In September 2015, I drove up to Dubois WY to do a conditions assessment for Simpson Lake Lodge in the Fitzpatrick Wilderness of the Shoshone National Forest. Our local contacts were the former manager and the CM Ranch owner. Their founder built the lodge and guided fishing expeditions to Simpson Lake in the ’30s and ’40s, one of the most spectacular places I have ever seen. The manager knew my brother, who owned the Paradise Ranch outside of Buffalo, WY, so I guess she assumed I learned how to ride a horse. I didn’t, but once they found that out, these two expert horsewomen were gracious and patient on the four-hour ride in and back out the next day, though they had more than a few laughs at my struggles to stay in the saddle. I ended up walking the horse for the last mile out, and it was all I could do to walk over the next two days.

What advice do you have for Colorado preservationists? How do we as a field remain relevant in 2020 and beyond? 

Oh my. I have been involved in historic preservation as a craftsman, contractor, developer, bureaucrat, and policymaker. I have engaged in battles over decisions to preserve or demolish historic buildings from both sides of the table. One of the most influential voices in preservation for me has been Donovan Rypkema, who I first met in 1994. He was the first person to quantify the economics of historic preservation and has been tirelessly writing about and lecturing and consulting on the subject to this day. To continue to be relevant, we have to demonstrate the economic value of saving old buildings, again, and again, and again! This is the most effective and necessary path to “mainstream” historic preservation. You may ask, where does HistoriCorps fit into this equation? Much of the work that we do with the Forest Service rehabs fire lookouts, ranger stations, and many structures from the CCC era is repurposed for the recreation.gov cabin rental program. The Forest Service did a study and found that historic cabins consistently had the highest occupancy. These days, and in the future, we also have to demonstrate the social and environmental value of preserving these resources.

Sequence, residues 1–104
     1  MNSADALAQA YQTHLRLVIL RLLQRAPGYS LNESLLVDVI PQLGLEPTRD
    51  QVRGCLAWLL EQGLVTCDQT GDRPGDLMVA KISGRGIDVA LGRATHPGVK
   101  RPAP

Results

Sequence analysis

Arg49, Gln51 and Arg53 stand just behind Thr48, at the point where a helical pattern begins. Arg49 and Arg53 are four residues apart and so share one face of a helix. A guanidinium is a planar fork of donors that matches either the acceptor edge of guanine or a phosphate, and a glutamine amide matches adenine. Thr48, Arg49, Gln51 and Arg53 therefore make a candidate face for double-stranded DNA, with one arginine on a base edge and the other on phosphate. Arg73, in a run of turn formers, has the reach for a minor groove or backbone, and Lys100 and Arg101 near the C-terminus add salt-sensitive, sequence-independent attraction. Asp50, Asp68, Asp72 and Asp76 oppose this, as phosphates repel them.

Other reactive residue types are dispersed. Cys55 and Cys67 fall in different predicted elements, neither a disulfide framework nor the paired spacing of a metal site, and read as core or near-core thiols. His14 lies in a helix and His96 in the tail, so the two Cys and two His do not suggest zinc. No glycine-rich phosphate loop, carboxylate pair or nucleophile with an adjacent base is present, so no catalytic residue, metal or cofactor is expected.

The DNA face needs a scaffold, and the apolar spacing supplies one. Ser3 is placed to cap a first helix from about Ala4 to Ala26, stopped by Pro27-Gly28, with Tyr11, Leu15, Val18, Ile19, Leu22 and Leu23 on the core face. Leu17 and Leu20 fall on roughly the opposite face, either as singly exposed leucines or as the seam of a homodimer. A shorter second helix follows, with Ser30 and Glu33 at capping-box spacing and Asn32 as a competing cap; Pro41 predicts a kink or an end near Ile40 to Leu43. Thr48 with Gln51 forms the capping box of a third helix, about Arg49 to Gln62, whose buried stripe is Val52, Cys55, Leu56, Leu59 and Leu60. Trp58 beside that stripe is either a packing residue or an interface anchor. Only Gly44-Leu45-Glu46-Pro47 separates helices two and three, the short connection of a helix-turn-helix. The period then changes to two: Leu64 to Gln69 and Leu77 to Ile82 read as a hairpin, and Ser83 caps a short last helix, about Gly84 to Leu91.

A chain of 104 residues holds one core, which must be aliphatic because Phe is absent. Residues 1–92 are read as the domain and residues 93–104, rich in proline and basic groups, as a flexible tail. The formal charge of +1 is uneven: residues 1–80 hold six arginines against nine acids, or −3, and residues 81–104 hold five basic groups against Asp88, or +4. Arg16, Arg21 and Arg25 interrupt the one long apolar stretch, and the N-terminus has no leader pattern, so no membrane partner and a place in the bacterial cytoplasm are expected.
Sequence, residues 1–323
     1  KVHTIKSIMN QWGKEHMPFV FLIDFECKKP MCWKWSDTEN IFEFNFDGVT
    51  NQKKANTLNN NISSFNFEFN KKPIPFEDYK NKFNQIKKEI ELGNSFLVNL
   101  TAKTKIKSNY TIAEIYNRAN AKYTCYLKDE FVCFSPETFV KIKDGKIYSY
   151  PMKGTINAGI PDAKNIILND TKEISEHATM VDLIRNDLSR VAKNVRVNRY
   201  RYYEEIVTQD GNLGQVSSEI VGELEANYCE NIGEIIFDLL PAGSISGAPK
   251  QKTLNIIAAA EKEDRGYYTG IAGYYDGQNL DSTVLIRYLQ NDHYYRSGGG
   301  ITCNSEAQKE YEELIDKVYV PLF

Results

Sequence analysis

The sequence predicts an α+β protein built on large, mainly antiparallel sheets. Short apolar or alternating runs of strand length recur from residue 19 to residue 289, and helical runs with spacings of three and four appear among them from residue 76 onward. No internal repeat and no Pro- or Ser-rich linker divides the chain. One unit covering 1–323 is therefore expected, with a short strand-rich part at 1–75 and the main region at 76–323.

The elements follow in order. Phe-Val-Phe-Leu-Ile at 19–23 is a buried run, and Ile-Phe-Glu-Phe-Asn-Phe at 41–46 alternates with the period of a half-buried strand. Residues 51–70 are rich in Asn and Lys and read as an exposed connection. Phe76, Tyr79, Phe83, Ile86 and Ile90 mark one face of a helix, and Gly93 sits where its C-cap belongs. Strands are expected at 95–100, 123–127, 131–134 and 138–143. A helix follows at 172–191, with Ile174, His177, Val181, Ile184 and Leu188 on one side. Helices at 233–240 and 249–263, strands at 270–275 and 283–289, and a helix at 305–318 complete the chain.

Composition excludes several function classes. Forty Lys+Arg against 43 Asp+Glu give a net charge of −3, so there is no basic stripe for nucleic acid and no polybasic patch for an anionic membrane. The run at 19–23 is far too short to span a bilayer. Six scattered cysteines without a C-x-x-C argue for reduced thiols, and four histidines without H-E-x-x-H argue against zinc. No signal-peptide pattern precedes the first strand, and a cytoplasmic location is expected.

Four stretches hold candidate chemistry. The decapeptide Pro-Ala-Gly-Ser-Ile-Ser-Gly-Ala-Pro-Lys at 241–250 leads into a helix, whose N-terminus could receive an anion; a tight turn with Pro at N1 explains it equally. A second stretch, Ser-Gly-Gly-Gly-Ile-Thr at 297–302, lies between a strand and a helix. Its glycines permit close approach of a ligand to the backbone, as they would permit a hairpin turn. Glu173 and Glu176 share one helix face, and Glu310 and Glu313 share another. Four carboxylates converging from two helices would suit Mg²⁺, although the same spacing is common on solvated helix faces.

What would you like to see from the organization and the preservation community moving forward?

What I want to see is for all of us, from practitioners to advocates to grantors to educators, to open our arms and transform a historically exclusive club into an inclusive community. It is beginning to happen. I am proud to say one of six core values written into HIstoriCorps’ recently approved Strategic Plan is “Community: Accessibility, Inclusion, and Diversity.”

Anything we did not cover that you would like to share?

I don’t think I have ever engaged in a discussion about, or reflected upon, historic preservation without quoting the great economist, John Kenneth Galbraith. He noted in 1980, “The preservation movement has one great curiosity. There is never retrospective controversy or regret. Preservationists are the only people in the world who are invariably confirmed in their wisdom after the fact.” Juxtapose Galbraith’s observation with Joni Mitchell’s lament for the ages, immortalized in song,

Don’t it always seem to go
That you don’t know what you’ve got ’til it’s gone?

Preservationists do know! Before it’s gone! Our Sisyphean task is to help our communities, our world, to know, too. 

Thank you, Towny and HistoriCorps, for leaping forward – we celebrate with you the 10th Anniversary of the program!